Observed annually in June, National Safety Month focuses on reducing leading causes of injury and death in our homes and communities. This year’s safety campaign is focused on Hazard Recognition, Slips, Trips and Falls, Fatigue and Impairment; all very important topics. For this month’s column I’d like to focus on slips, trips and falls.
Each year, millions of people 65 and older fall. In fact, more than 1 out of 4 older people falls each year. Falling once doubles your chances that you will fall again.
What Can Happen After a Fall? Many falls do not cause injuries. But 1 out of 5 falls does cause a serious injury such as a broken bone or a head injury. These injuries can make it hard for a person to get around, do everyday activities, or live on their own. An older person who falls and hits their head should see their doctor right away to make sure they don’t have a brain injury.
Many people who fall, even if they’re not injured, become afraid of falling. This fear may cause a person to cut down on their everyday activities resulting in isolation. When a person is less active, they become weaker and this increases their chances of falling.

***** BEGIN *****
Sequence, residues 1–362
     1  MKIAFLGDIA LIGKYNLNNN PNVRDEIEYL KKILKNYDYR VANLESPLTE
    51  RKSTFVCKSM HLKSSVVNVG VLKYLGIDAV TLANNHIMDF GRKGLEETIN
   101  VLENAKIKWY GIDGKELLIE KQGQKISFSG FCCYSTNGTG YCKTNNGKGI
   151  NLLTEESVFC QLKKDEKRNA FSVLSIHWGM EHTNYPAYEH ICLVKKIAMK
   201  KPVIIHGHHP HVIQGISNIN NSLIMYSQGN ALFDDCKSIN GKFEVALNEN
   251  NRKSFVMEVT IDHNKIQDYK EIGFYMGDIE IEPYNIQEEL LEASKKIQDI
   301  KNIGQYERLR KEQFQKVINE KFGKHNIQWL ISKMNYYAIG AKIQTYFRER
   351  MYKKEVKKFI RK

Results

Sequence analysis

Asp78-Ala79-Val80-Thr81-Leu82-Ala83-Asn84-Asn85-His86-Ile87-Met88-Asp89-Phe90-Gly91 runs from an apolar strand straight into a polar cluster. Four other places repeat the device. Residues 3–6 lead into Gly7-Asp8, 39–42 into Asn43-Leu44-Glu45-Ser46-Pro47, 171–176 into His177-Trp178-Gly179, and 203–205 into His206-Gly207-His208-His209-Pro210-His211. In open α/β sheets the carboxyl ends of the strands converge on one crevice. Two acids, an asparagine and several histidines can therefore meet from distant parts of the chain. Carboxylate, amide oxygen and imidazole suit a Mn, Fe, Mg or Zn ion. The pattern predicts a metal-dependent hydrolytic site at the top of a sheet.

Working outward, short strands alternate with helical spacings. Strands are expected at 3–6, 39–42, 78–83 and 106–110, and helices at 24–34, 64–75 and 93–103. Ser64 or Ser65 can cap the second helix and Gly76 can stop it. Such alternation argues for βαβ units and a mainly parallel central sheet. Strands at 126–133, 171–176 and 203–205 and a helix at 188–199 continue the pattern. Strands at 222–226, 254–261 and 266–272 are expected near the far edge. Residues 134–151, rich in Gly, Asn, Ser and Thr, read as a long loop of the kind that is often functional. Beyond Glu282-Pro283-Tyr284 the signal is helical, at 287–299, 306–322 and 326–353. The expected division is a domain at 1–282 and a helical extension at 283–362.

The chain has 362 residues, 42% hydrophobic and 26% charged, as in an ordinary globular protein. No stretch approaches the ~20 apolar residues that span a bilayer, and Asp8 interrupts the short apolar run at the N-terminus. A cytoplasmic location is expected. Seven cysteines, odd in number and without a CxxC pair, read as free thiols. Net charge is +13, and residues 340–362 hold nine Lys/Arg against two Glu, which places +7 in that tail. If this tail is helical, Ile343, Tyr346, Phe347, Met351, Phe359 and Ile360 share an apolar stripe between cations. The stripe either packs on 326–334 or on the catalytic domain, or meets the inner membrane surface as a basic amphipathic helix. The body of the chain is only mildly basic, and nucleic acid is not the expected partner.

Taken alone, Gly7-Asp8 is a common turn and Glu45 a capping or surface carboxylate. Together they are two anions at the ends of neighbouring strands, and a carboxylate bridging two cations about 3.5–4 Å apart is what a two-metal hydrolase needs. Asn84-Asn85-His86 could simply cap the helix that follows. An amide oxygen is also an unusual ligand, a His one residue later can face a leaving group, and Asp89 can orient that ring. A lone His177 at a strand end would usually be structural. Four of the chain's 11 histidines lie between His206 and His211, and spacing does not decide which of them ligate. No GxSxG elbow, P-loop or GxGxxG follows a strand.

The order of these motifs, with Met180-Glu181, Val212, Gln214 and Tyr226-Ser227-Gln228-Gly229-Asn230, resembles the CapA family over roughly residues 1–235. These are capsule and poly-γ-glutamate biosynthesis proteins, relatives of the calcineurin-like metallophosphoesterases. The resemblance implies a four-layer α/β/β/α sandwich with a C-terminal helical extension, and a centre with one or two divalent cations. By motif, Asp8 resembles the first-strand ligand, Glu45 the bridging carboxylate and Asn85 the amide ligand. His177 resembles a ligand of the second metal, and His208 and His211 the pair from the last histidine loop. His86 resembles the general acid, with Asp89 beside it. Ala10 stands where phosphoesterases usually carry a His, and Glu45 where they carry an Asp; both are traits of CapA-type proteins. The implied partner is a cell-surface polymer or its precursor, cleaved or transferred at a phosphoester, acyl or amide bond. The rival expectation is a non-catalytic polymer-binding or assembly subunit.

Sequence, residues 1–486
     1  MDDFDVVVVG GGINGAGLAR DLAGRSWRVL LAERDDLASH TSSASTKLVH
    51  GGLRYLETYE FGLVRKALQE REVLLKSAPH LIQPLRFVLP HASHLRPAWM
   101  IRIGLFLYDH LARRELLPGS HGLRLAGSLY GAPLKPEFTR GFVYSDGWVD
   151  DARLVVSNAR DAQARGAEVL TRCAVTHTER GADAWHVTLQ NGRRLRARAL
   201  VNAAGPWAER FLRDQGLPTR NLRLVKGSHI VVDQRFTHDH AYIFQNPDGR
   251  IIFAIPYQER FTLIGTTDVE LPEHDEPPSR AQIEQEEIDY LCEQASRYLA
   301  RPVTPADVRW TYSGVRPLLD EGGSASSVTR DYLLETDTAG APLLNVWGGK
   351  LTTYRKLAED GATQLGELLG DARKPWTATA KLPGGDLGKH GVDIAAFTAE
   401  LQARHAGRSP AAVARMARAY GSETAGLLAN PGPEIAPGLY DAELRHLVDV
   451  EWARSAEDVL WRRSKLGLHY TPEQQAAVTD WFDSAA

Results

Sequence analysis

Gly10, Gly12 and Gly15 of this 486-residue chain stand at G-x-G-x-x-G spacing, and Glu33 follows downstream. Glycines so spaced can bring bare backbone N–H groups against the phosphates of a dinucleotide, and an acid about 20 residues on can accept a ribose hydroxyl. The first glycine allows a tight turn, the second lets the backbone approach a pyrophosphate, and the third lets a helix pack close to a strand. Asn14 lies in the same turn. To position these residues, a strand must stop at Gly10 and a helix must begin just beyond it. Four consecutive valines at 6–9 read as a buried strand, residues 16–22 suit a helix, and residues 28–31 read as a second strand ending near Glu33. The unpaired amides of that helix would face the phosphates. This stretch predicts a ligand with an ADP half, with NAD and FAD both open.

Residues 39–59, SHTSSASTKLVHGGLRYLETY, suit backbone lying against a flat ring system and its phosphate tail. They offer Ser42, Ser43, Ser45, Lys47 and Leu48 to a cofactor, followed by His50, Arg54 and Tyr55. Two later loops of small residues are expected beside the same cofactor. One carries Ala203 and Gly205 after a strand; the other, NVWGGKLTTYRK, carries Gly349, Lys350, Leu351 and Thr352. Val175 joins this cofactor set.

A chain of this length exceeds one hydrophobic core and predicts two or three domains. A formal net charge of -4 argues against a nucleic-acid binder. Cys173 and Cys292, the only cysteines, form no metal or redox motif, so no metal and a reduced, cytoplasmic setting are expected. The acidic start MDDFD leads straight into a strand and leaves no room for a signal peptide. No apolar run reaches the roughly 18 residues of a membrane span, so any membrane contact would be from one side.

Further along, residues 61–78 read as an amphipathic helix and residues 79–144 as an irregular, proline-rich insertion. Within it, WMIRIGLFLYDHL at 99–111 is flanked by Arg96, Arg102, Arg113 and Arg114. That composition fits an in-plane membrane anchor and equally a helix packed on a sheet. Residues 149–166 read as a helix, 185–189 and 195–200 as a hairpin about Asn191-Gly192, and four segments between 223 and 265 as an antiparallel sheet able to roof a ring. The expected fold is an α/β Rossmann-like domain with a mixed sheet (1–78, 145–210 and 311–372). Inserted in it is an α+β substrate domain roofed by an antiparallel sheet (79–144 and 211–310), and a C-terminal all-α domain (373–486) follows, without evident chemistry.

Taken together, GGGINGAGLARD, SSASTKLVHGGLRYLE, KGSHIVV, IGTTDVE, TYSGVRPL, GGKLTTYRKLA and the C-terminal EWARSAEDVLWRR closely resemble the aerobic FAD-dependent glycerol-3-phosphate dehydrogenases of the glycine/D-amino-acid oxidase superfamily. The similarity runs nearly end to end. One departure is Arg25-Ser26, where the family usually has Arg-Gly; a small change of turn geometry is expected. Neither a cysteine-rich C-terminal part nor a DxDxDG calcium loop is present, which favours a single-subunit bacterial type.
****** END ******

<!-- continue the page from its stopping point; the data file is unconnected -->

What Conditions Make You More Likely to Fall? Research has identified many conditions that contribute to falling. These are called risk factors. Many risk factors can be changed or modified to help prevent falls. They include: lower body weakness, foot pain, vision problems, difficulties with walking or balance, and some medications. There are also environmental hazards to be aware of such as broken or even steps, throw rugs, extension cords across walking areas, and clutter. The more risk factors a person has, the greater their chances of falling.
What Can You Do to Prevent Falls? Get a falls risk assessment. SeniorsPlus and other community agencies offer these. Do exercises that make your legs stronger and improve your balance. Sign up for a Tai Chi or Matter of Balance class. Locations can be found at healthylivingforme.org. You can also call SeniorsPlus at 1-800-427-1241. You should also have your eyes checked once a year, and be sure to update your eyeglasses if needed. Get rid of things you could trip over, add grab bars inside and outside your tub or shower and next to the toilet, put railings on both sides of stairs, and make sure your home has lots of light by adding more or brighter light bulbs.
Holly Zielinski is the Chief Operating Officer for SeniorsPlus.